Once a shining example of combining modern cuisine with preservation of a beloved, historic space, Tosca Cafe has served its last delicious meatballs as of Saturday night. The bar remains open, but possibly not for long.

It seems that chef-owner April Bloomfield's dwindling restaurant empire has been struggling financially, with vendors telling Eater SF that Tosca had fallen months behind in payments. And this follows on a rough year in which Bloomfield parted ways with former business parter Ken Friedman, after he faced accusations of sexual harassment at their New York restaurant, The Spotted Pig. Bloomfield's short-lived The Hearth and the Hound closed in Los Angeles in January, and she also closed the John Dory Oyster Bar in New York in February. She now only has one restaurant open, The Breslin in New York, while Friedman still runs The Spotted Pig.

Bloomfield was reportedly in the kitchen at Tosca Saturday night to oversee the final service.

Friedman and Bloomfield took over the 100-year-old restaurant in 2013 in a deal reportedly brokered by longtime fan of the place Sean Penn. They rebuilt the kitchen, which had not been in use since the 1950s, and saved Tosca from eviction — which had been threatened the year before due to $100,000 in back rent. It landed on Bon Appetit's Best New Restaurants list in 2014 and proceeded to enjoy several years of steady crowds and in-demand reservations, with notably excellent meatballs and roast chicken.

The trouble for the restaurant heated up last May, after Tosca's chef de cuisine Josh Even and business manager Dana Katzakian walked away from the business after failed negotiations to take it over. The two believed they could "save Tosca from the mess Ken created," as they told the Chronicle, but after negotiations dragged on too long they decided to part ways with Bloomfield.

But the stain on the Bloomfield/Friedman empire began with a December 2017 New York Times report about the sexual harassment allegations, and a subsequent, very damning 60 Minutes story that aired last May. The latter story included new allegations that also implicated Mario Batali of sexual assault in an upstairs room at The Spotted Pig that had become known to employees as "the Rape Room." In that story, as Grub Street noted at the time, one employee described Bloomfield as being complicit in Friedman's behavior, saying, "I know other people went to April, and she did nothing to make them feel safe."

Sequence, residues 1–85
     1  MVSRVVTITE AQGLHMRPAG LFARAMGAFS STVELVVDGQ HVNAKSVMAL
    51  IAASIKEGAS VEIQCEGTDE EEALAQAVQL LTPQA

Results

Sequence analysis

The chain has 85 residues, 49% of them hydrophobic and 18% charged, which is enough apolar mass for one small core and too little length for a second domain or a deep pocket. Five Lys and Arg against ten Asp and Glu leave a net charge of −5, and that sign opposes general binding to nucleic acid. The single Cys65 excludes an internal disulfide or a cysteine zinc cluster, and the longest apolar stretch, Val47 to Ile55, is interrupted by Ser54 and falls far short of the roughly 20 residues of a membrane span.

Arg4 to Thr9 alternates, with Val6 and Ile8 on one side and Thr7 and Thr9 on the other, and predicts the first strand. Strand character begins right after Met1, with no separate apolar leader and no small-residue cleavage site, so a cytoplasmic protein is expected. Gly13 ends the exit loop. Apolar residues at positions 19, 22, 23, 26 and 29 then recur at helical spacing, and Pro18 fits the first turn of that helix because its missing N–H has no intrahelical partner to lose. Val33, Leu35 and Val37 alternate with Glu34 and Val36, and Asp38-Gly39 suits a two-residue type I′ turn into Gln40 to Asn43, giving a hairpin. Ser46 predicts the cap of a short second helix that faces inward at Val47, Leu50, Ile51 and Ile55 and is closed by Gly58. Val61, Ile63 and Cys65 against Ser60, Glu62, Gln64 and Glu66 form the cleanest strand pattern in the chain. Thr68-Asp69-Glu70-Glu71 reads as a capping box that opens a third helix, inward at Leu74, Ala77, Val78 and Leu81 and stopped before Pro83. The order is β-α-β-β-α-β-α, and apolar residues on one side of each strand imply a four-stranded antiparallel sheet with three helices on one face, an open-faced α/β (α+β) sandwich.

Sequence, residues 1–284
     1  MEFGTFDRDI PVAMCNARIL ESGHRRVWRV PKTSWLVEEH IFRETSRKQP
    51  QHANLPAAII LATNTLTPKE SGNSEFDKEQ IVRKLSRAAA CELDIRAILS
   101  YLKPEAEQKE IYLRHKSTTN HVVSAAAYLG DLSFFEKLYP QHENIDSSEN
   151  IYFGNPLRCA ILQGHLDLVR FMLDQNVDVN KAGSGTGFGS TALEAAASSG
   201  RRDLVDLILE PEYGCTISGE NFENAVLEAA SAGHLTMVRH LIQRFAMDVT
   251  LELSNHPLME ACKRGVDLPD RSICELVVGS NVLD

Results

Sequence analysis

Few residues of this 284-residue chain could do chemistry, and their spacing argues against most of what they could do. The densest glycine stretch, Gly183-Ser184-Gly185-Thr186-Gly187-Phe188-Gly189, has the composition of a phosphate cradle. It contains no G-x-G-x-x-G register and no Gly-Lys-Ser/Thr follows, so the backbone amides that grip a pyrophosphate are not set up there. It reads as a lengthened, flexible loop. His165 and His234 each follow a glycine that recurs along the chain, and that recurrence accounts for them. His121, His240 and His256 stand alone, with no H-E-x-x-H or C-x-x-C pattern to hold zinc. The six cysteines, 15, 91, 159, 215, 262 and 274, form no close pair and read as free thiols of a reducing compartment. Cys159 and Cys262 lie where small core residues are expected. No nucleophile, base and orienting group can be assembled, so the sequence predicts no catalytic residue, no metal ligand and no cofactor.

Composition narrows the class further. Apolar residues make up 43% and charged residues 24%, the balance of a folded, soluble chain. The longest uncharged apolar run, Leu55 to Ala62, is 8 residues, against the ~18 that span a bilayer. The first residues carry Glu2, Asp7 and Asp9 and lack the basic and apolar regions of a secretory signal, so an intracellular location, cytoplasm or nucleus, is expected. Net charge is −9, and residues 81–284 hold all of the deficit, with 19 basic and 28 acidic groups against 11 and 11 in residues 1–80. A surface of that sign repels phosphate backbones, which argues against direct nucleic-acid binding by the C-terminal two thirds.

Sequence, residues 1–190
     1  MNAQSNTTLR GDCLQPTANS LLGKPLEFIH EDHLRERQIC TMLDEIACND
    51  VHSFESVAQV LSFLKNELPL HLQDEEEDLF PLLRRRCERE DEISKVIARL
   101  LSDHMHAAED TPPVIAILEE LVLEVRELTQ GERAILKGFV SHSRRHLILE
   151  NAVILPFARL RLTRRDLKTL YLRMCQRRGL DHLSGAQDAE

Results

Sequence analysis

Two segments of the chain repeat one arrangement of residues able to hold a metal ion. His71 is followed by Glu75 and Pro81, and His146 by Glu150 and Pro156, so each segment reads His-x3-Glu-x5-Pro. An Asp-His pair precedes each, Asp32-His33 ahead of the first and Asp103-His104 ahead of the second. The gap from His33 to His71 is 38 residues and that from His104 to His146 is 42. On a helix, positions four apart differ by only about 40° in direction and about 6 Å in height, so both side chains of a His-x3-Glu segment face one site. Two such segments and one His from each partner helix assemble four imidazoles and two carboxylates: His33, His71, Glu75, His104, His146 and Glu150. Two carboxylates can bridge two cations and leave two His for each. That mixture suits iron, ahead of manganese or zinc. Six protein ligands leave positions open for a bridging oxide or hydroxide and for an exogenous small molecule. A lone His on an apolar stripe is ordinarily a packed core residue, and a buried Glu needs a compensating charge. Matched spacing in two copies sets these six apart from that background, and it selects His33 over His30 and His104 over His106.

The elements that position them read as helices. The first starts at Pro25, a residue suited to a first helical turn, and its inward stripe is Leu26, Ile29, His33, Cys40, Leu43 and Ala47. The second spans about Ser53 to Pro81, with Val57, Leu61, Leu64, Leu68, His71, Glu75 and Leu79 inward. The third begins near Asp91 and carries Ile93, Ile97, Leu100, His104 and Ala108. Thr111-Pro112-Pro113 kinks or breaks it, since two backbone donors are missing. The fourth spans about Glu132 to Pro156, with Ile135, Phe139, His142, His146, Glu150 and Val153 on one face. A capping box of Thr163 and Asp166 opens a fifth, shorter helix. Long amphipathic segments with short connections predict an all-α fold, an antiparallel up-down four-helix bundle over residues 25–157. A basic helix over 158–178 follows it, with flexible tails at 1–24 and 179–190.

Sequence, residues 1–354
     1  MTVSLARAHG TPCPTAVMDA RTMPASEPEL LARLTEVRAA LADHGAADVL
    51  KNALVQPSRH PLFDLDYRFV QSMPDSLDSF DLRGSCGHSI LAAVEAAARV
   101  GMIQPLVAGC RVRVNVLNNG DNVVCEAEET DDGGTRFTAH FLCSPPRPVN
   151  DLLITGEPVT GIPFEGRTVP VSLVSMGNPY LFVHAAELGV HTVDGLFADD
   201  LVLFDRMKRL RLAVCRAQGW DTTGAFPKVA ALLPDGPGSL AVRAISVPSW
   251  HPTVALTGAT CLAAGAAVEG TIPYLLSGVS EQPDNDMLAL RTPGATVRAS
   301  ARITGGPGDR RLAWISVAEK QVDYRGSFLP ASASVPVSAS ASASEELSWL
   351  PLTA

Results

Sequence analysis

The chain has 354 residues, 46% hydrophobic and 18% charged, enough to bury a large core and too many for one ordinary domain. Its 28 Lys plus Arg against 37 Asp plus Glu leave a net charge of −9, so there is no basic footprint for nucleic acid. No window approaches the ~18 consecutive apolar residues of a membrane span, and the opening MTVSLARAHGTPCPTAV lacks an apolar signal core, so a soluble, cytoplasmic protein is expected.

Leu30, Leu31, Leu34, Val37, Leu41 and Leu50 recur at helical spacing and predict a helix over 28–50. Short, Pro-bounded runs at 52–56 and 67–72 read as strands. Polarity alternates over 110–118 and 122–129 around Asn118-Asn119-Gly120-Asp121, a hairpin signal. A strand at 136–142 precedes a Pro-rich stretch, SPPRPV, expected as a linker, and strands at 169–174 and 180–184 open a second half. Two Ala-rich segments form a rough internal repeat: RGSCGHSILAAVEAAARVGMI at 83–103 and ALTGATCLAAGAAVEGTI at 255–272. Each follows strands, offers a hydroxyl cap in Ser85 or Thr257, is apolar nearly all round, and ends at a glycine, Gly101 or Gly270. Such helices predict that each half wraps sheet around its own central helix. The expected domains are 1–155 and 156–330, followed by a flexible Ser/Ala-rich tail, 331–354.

When the #MeToo movement began spilling into the restaurant industry, the Chronicle addressed the issue and how its food writers would be approaching restaurants run by known harassers. Former critic Michael Bauer said at the time that Tosca was "a San Francisco icon we should be able to honor," praising its food as consistently good, and saying he did not want to penalize the staff for Friedman's behavior. Food editor Paolo Lucchesi took the opposite position, saying that after the "Rape Room" allegations, "I cannot imagine going to Tosca and enjoying myself, no matter how perfectly a chicken is cooked, or how affable a bartender is, or how much history it has. I don’t need to go there. And I don’t need to recommend it, or include in a list of recommendations." Even after Friedman was no longer a part of the business, it seems likely that sentiments like this caused a financial hit to the restaurant.

New Chronicle restaurant critic Soleil Ho came on the job earlier this year, and Tosca notably dropped off the Top 100 when it was published last month. As she wrote with regard to chef Charlie Hallowell and his new Berkeley restaurant back in March, "If I ignore a below-average health score at a restaurant and give it a good evaluation, who am I serving? If I reward a negligent kitchen manager for their behavior, I’m enabling them to keep doing things the same — and potentially endangering other people in the process."

It remains to be seen how long Tosca's storied bar will remain open, or if there is a new chef-owner waiting in the wings to remake the restaurant once again.

Photo: Jeremy Brooks